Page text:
If you’ve checked your Twitter timeline anytime over the past week, you’d be hard pressed not to have come across at least one tweet about the latest NBA phenomenon, Knicks point guard Jeremy Lin. I’m as guilty as anyone of getting caught up in the hype – I snatched Lin up on both my fantasy basketball teams after he torched the Nets and quickly renamed my teams “General Lin’s Army” – but one comparison in particular has really bothered me: the one’s calling Jeremy Lin the NBA version of Tim Tebow.
In fairness to the lazy, uncreative people making this comparison, they are both professional athletes that have experienced surprising success, and are devout Christians. Lin himself undoubtedly fueled the fire by acknowledging that he sees Tebow as somewhat of a role model with the following statement:
“I actually want to be able to do some of the things that he does in terms of the amount of charity work and the non-profit work, and the way he impacts people off the field. I think that is what is most inspiring to me about him.”
That’s a fine goal to have, and Tebow should be commended for the way he has used his celebrity to affect positive change off the field, but let’s not ignore the key phrase in that quote “off the field”.
On the field, Lin and Tebow have very little in common, aside from their fiery approaches to playing the their respective games. Whether people realize it or not, Lin is a highly skilled basketball player that has a long track record of success against superior competition dating back to his high school years. The he-came-out-of-nowhere angle seems to be an easy way out for the talent evaluators and analyst who, if we are being completely honest, overlooked Lin’s potential largely based on his ethnicity, because the talent and production were always on full display. Don’t believe me? Check out this ESPN article on Lin from December of 2009.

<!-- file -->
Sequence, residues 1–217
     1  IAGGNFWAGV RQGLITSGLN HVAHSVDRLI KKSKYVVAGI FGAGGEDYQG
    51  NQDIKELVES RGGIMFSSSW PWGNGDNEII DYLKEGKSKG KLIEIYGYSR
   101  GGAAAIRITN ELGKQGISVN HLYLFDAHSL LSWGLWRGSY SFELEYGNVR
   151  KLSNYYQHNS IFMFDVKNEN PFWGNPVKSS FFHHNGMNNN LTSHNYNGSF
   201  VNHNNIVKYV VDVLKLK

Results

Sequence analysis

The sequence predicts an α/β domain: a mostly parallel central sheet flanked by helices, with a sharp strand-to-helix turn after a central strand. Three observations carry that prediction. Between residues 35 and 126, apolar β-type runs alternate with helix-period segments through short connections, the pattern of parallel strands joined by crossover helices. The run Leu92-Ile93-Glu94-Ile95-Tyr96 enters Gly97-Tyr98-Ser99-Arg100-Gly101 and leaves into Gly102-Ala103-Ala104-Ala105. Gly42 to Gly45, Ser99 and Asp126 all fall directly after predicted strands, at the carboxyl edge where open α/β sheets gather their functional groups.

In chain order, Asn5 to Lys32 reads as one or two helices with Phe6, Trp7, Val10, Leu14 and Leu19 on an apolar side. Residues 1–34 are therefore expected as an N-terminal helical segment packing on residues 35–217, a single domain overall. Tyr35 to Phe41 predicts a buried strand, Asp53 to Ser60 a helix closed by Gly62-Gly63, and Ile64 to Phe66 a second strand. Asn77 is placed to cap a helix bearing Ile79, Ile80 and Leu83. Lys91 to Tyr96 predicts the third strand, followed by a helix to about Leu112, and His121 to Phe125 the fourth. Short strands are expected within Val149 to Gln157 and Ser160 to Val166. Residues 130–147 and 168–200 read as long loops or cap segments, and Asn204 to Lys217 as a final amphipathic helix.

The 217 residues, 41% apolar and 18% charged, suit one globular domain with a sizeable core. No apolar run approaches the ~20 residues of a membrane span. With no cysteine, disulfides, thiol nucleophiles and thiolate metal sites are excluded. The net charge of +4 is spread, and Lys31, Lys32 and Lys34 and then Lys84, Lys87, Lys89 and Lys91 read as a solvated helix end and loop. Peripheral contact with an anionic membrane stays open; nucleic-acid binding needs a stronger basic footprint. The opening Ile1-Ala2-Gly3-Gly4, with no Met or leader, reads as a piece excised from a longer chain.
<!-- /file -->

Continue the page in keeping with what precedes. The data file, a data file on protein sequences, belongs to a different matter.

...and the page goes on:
Stereotyping aside, the biggest problem I have with the Lin/Tebow comparison is that the success of the individuals, and the teams they play for, are happening for very different reasons. Tebow came into the NFL with lots of questions about whether he could succeed at the quarterback position, and despite the epic comebacks, long winning streak, and upset playoff victory, Tebow has done very little to answer those questions heading into 2012. Credit the Broncos’ coaching staff for adjusting the offense to mask his limitations, and for fixing a defense that was one of the league’s worst in 2010, but despite the hype, there is a less obvious connection between Tebow’s performance and the Broncos’ ability to win the AFC West and a Wild Card game against the Steelers.
Lin, on the other hand, has succeed for one reason and one reason only: the kid can hoop! He doesn’t have elite athleticism or any other physical tools that give him an obvious advantage over his competitors. What he does have is a high basketball IQ, a genuine love for the game, and a skill set that fits perfectly into coach Mike D’Antoni’s system. The Knicks have won four games in a row with Lin starring in all for victories, and unlike Tebow’s fourth quarter heroics, Lin has done it for entire games. With New York all-stars Carmelo Anthony and Amare Stoudemire out for all or most of all four games, you can draw a direct correlation between Lin’s exceptional play and the Knicks’ team success, something that is still up for debate with Tebow and the Broncos.
I’m cheering for Lin to succeed, just as I hope that Tebow can have a long and successful career as an NFL quarterback. Unlike Tebow, however, Lin already has the skills, the Knicks just need to keep the rock in his hands.